Starbucks Buys Coffee People
It is the end of an era.
Starbucks has purchased Coffee People Coffee.
I’ll say it again for Lindsay, who no doubt by now has fallen onto the floor in fits: Starbucks has purchased Coffee People Coffee.
We went there when we were thirsty. We went there when we weren’t. We went there to sit all night and watch the city unfold like a fan before our eyes, from dusk to twilight, Portlanders never stop drinking their espresso. We went there when skipping class. We went there for crushes, for education, for bathroom grafitti (also educational), for people-watching, for anonymity (when we wanted it), for a friendly face (always there and waiting), for hot and for cold, on good days and bad, for shelter and adornment, for the smell of the beans, for the feel of them, to gaze at our reflections in the chrome trash cans or giggle ourselves piss-silly-gone after smoking a fat joint. We went there because the slogan, “Good Coffee, No Backtalk,” not only spoke for itself, it simultaneously spoke against the encroaching trend of Starbucks. We went there because Jim and Patty started it on a dream in Eugene, Oregon so many years ago and like a Mom-and-Pop-Shop story should go, they were all set up for their fairytale ending.
Can I request a candlelight vigil, please?
In the Pacific Northwest, coffee is the third parent. Much more than the beverage, it is the culture and experience of sitting, sipping, slowing down, watching, and listening that influenced everyone I knew, came to know, and now remember in that city. This feels like one of the parents having an affair. A buyout I could handle – after all, Coffee People suffered its first blow back in 1999 when Diedrich (based in California) bought the chains, though they vowed not to change a thing. Avid fans like myself put up with California owning our beloved OREGONIAN chain only because it was better than a huge buyout and because we knew Jim and Patty were still around the coffee scene, bound to pop up again sooner or later.
But Starbucks? Starbucks is Darth Vader.
Sure, Starbucks carries soy milk (two points). They insure their part-time employees (fifty points – though one must ask at what cost). They recognize domestic partnerships (fifty more points for being PC, but they had to – they started in Seattle, after all). But they also have a limit on the number of tattoos a barista can flash when on the clock (minus fifty points for censorship). They park their green mermaid signs across from eloquent Mom-and-Pop Shops all over the WORLD and commence to dominate (minus 5,000 points plus seven lifetimes in hell). In a nutshell, they symbolize the capitalistic gluttanous monarchy that some twisted minds in this world define as “success.”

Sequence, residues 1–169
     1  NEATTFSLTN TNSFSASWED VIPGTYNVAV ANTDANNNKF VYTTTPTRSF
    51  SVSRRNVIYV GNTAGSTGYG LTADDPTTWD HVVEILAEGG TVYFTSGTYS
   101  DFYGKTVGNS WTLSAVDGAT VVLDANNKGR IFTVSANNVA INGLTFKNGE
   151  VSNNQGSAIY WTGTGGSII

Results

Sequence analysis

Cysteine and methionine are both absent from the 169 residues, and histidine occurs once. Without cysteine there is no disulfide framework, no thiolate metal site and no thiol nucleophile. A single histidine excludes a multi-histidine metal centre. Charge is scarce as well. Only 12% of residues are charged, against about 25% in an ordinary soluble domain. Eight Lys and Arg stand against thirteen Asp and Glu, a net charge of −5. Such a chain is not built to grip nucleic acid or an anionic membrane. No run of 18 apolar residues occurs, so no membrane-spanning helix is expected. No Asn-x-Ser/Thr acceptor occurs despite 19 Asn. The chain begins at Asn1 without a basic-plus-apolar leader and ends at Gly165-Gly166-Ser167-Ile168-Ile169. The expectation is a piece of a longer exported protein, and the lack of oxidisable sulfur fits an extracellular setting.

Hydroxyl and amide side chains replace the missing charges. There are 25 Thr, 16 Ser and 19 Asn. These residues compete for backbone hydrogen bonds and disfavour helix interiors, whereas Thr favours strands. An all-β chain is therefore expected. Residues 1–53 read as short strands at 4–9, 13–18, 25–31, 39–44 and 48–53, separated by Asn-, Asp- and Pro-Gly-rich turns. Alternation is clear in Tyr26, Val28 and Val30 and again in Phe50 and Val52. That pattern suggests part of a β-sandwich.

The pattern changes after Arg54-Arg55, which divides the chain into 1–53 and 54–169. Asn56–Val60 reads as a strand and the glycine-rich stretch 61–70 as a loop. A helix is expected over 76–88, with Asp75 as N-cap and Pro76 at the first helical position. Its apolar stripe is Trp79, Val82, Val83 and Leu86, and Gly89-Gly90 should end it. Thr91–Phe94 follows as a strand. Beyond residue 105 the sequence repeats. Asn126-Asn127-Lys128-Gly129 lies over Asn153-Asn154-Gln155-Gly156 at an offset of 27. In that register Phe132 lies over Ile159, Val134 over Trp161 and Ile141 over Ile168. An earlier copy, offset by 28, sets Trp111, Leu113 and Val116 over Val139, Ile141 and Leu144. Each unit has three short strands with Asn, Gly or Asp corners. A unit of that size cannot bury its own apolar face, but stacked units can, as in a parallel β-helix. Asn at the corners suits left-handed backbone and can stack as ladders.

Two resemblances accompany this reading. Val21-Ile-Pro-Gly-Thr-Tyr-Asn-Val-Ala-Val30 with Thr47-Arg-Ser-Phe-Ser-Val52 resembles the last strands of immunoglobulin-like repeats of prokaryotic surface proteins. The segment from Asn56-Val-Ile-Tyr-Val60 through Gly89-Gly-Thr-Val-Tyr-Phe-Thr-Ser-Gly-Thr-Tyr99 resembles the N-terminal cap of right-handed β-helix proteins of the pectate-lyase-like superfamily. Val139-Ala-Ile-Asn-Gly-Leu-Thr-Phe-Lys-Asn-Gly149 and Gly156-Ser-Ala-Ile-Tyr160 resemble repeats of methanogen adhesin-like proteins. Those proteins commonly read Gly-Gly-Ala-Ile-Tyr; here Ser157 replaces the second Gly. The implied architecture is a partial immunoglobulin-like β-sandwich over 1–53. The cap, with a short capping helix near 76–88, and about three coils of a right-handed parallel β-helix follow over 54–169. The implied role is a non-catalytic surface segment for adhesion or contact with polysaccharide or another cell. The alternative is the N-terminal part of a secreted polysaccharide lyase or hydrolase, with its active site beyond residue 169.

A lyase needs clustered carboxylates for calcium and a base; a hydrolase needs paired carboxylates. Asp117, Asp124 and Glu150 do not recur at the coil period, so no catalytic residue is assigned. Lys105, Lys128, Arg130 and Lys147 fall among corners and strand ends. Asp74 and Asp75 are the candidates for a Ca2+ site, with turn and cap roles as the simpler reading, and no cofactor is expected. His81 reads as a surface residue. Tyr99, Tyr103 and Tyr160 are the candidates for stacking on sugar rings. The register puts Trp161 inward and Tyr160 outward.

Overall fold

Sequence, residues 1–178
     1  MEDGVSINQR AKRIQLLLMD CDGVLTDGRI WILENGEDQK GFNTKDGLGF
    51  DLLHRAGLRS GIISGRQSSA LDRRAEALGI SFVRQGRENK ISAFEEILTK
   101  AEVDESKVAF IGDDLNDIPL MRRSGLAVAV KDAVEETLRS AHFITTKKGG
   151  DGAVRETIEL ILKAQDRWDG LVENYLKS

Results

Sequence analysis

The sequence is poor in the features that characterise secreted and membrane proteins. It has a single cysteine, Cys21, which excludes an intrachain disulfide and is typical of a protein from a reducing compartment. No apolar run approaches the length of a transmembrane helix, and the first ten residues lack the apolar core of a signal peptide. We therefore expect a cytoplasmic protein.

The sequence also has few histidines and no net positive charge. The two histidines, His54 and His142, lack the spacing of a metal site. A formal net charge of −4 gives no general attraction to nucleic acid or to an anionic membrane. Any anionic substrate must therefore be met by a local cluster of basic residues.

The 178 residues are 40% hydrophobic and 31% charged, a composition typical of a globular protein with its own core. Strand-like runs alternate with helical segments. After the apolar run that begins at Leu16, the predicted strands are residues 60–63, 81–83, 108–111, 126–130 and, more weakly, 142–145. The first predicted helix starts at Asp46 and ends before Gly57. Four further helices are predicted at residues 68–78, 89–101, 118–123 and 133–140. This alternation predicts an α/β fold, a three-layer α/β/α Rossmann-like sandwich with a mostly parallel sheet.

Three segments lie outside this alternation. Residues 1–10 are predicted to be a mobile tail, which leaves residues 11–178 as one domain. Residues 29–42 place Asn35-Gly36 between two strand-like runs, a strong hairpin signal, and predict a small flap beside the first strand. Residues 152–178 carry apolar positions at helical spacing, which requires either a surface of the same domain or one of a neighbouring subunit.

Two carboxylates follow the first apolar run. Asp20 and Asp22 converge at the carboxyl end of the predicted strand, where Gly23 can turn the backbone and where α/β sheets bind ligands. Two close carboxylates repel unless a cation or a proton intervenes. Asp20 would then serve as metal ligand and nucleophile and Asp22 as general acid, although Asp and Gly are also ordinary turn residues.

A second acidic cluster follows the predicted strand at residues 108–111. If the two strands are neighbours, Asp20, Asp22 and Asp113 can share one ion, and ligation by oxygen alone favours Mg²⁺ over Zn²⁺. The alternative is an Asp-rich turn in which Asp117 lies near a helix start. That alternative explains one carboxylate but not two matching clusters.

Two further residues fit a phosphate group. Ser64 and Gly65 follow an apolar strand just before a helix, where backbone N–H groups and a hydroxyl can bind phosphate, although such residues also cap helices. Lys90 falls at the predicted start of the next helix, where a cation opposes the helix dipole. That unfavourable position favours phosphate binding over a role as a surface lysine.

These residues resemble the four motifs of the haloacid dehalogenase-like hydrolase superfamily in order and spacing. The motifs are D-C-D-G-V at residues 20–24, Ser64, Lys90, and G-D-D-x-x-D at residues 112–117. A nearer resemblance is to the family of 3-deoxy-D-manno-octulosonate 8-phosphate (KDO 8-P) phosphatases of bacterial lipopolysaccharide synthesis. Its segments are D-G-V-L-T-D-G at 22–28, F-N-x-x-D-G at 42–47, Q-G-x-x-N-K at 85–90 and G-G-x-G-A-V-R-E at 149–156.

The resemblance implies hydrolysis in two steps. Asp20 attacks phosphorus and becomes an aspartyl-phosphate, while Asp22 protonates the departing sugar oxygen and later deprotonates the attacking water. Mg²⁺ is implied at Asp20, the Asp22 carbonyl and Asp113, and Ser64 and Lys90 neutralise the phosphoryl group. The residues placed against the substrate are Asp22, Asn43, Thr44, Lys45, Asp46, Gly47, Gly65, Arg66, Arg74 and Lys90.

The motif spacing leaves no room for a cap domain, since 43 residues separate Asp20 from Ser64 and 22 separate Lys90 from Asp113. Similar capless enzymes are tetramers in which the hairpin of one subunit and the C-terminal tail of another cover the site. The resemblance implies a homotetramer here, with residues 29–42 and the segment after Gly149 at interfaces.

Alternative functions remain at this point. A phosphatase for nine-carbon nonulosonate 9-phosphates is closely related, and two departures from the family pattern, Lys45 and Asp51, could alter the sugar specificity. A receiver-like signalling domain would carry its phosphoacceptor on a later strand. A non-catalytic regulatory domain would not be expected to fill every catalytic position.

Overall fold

I’m horrible and irrational and snobby, I know. But, the third parent, I tell you! It’s hard to understand unless you’re native, so try this article out for the inside scoop:
Need further persuasion? I spend seventy-five dollars cash on Coffee People coffee beans the day before my flight left Portland this June so that I could gift my coffee-loving friends back in North Carolina with some of the finest beans I’ve ever brewed. Seventy-five dollars!. For someone who buys goat cheese with saved-up dimes and calculates how much certain foods cost per gram of protein, that’s no small investment. The point: I didn’t even flinch when I placed my order at the counter that day.
A Portland woman knows her beans. She also knows the end of an era when she sees it, and this is the biggest one in the coffee world yet. Flags at half-mast. A round full of house blend on me for all the loyal beanies out there. R.I.P. Coffee People, your aroma lingers in my memory like a coffee stain, forever.